Research Interests    

My scientific research interests lie in community ecology.  I am interested in dispersal biology and the consequences for successional change and community structure.  Through my MS research, I became particularly interested in the genetic consequences for plants adapted to various dispersal vectors.  I am also interested in the application of GIS technology to explore these questions in a spatially explicit context.

I am also interested in creative methods of teaching complex concepts in ecology and developing critical thinking skills.  These include cartoon illustrations, field trips, science fairs and presentations delivered to non-scientific audiences.


I traveled to SE Asia from May - December, 2007.  While there, I participated in an expedition to the Krakatau Islands in Indonesia with a group from Nottingham University.   I also worked with Sabrina Russo on a project examining the ecological basis of species coexistence in the hyper-diverse Lambir National Forest in Sarawak, Malaysian Borneo.  In addition, I traveled by bicycle with the Cyclown Circus, making street circus shows.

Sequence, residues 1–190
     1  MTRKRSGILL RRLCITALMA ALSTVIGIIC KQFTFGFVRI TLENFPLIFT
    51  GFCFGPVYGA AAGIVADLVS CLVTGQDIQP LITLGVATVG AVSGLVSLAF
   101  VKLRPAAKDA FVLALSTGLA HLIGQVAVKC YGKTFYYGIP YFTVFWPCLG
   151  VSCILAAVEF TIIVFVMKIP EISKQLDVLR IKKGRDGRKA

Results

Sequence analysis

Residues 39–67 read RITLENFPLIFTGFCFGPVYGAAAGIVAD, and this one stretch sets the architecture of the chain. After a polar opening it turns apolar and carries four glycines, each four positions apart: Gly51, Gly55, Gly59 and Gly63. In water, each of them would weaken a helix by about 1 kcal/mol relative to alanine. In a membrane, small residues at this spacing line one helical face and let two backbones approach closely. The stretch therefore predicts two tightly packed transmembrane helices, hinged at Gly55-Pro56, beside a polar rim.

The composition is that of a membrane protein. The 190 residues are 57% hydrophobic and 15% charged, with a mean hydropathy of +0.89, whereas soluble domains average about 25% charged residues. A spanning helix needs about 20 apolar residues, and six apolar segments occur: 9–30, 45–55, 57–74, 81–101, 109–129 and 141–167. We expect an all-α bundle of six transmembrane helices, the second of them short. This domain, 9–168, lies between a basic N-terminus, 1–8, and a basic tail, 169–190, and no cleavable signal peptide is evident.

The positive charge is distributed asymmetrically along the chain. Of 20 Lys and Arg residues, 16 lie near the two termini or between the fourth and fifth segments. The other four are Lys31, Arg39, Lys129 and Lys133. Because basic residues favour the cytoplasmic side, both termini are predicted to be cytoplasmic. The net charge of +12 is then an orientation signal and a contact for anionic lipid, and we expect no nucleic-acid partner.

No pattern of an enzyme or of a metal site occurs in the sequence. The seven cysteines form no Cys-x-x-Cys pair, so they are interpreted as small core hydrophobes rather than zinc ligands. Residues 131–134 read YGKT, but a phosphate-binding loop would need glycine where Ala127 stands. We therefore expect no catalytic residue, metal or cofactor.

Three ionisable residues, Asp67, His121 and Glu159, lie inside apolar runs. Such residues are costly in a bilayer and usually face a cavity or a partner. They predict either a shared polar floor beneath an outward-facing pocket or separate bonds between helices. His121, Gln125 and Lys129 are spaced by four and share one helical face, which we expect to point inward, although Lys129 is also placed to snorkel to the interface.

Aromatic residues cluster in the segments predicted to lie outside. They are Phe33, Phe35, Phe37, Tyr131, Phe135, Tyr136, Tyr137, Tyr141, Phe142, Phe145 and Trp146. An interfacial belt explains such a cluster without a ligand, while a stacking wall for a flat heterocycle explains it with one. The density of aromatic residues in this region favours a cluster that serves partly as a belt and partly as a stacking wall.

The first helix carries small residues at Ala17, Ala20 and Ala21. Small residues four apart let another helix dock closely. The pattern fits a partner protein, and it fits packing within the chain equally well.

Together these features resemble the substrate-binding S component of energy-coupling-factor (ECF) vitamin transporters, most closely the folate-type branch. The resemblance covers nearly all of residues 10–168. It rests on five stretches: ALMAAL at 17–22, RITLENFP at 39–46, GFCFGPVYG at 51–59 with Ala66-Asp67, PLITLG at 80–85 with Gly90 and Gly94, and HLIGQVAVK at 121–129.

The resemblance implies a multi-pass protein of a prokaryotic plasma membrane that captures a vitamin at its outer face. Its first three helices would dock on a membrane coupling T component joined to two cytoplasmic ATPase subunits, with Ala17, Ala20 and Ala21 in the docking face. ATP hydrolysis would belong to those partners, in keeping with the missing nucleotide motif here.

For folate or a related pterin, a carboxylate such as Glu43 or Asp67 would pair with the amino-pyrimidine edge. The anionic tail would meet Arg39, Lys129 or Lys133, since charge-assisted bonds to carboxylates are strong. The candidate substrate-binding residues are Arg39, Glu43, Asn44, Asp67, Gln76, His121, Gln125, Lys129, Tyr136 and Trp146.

- University of Miami -

"Does wind or demography shape genetic structure in two lineages of Antillean bats?"

For my MS thesis, I  investigated genetic structure and gene flow of the buffy flower bat (Erophylla sezekorni) and Waterhouse's leaf-nosed bat (Macrotus waterhousii) (Chiroptera: Phyllostomidae).  E. sezekorni is endemic to the Greater Antilles and Bahamas while M. waterhousii occurs in this region as well on mainland Mexico.  I used microsatellite markers to explore genetic substructure and asymmetric gene flow among genetic populations.  I used GIS software and anisotropic cost modeling using wind data to construct a measure of effective distance to evaluate the relationship between directional gene flow and wind currents.

This manuscript is currently being revised for re-submission to Molecular Ecology.


Muscarella R. and T.H. Fleming. 2007. The Role of Frugivorous Bats in Tropical Forest Succession. Biological Reviews 82(4): 573-590.

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Erophylla sezekorni - photo by Merlin Tuttle